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90 games in: The Arizona Diamondbacks’ playoff odds

How much of a setback has the last 10 games been?

Arizona Diamondbacks v Atlanta Braves Photo by Kevin C. Cox/Getty Images

Another ten games in the book, so time to revisit the standings, the playoff odds of the various projection systems, and what history tells us has happened to previous teams with the Diamondbacks’ current record.

The last 10 games

Arizona is only 3-7 over the last ten games. However, it’s not the only time this year they’ve had such a streak, having also gone 3-7 from April 28 through May 9. You could argue the earlier run of games was actually worse, because the run differential over them was -12, compared to this current streak’s -7. FIve of the seven defeats have been by a margin of one-run. In those, the Diamondbacks are a combined .217 with runners in scoring position, going 7-for-32. It’s not hard to imagine that a couple more well-timed hits there, could have swung them our way. But I think we’ll all be a great deal happier when those hits start dropping in. Tonight in Atlanta would be fine...

The projection systems

Definitely a step back - but perhaps not as much as you’d think based on the weeping, wailing and lamentations emanating out of some quarters. The decrease was 10% at most and 3.7% at least. What has happened, is our division hopes have all but evaporated, with three of the four systems now putting those at less than 1%. Which makes sense if you look at the top spots in the West/Wild-card chase, after game #80 and now.

  • #1. Dodgers - Dodgers
  • #2. Diamondbacks (2.5 GB) - Diamondbacks (8.5 GB)
  • #3. Rockies (6 GB) - Rockies (10.5 GB)
  • #4. Cubs (12 GB) - Cubs (17 GB)

We’ve lost six games in the standings over the past 10 against the Dodgers, but only one against the Cubs. Which is where we come to our new feature in this section, which we’ll get to, after the usual Fangraphs chart.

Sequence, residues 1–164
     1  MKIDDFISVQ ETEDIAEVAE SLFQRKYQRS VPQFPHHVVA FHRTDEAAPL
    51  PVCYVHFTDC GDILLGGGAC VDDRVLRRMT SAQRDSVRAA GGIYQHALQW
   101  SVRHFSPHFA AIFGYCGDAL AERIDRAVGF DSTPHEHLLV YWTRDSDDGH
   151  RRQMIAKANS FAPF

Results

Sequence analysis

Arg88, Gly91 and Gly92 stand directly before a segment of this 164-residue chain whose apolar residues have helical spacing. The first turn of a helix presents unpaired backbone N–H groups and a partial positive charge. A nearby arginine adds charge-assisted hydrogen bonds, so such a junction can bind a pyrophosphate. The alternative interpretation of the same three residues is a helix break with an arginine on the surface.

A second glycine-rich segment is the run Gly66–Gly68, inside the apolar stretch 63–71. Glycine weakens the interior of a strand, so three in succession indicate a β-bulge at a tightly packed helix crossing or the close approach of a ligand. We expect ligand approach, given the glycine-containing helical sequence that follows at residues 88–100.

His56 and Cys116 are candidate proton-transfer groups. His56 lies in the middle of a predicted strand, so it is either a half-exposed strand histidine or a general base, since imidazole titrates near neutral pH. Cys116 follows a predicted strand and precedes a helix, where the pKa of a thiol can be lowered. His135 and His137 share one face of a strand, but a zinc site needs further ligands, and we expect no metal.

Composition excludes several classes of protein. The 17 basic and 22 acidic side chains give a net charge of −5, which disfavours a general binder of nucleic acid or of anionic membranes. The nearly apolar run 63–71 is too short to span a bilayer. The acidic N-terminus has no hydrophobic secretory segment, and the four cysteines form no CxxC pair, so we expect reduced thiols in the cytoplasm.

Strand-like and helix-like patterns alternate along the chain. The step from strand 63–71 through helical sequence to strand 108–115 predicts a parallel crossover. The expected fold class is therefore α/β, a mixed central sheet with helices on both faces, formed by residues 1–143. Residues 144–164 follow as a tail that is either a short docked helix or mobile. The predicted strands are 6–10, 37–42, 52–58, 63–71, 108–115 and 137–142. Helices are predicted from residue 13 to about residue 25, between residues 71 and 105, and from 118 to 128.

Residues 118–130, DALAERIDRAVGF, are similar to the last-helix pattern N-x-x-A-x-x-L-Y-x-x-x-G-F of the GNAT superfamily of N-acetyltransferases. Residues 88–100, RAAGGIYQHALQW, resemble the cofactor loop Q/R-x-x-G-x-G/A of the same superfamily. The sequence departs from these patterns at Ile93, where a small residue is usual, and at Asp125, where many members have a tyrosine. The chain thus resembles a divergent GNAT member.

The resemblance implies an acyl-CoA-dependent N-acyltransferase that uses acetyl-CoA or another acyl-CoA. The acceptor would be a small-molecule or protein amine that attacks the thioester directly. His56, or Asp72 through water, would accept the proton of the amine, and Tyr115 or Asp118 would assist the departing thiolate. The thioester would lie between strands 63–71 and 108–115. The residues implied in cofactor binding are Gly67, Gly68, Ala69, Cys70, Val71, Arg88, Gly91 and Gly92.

Us vs. Them

The table below shows, for a range of outcomes over the Diamondbacks’ remaining games, what the first non-wild card team would currently have to do, to match our record. Even that might not necessarily mean a play-off game however: if the Rockies implode, they could be the ones missing out entirely. I’ve also include what our rival’s required pace is equivalent too, over a full season, to give you a better idea of how well they need to play.

 D-backs go     Rivals go    Season pace
 42-30 (pace)     49-25         107-55
 39-33            46-28         101-61
 36-36 (.500)     43-31          94-68
 33-39            40-34          88-74
 30-42            37-37 (pace)   81-81

This does provide a degree of comfort. If we continue at our current pace, the chasing pack (currently led by the Cubs) would need to win at a 107-game rate the rest of the way. That’s basically turning into the Dodgers. If we only go .500, they would still need to win at a 94-game rate. Considering the Cubs are barely positive in run differential right now, I don’t think even getting Jose Quintana moves the needle that much for them.

Previous 90-game records

I’ve analyzed the results since 1998 of all 570 teams to this point, and whether or not they made the post-season. The chart below breaks down the records, and also lists the teams currently occupying each band in the 2017 standings. I used win percentage to decide their block, on an “at least” basis, e.g. you need at least a .600 W% to get into the 54-36 level.

The first 152 games, 1998-2016

Record Playoffs Non-playoff Percentage Teams
Record Playoffs Non-playoff Percentage Teams
89+ 81 2 97.6% Astros, Dodgers, Indians, Nationals
88-64 9 1 90.0%
87-65 11 4 73.3% D-backs, Red Sox
86-66 14 3 70.0%
85-67 9 6 60.0% Cubs
84-68 9 5 64.3% Yankees
83-69 8 10 44.4%
82-70 8 12 40.0% Rockies
81-71 1 18 28.0% Brewers
80-72 7 13 35.0%
79-73 4 19 17.4% Cardinals
< 79 1 315 0.3% THE FIELD

You can see the table is getting stretched out now, with the Dodgers and Astros a LONG way ahead of the pack, and we are now down to only 10 teams listed, with the other 20 all being in the bottom category. It could well be that those 10 sides are the ones who will be in the playoffs come October. I’d be a bit surprised if we lose more than one of them. As far as the D-backs are concerned, we sit at an 80% chance by historical odds, which is exactly the same as it was after 80 games. But it’s worth noting we are far from safe. Teams with as high as 57 wins - four more than the Diamondbacks - have managed to sit at home for the post-season.

Combining all five projections, we get a D-backs playoff percentage of 85.0%, which is down slightly more than five percent, from last time’s 90.3%. Hopefully, we’ll get things going up again by next time, but we still look a pretty solid bet.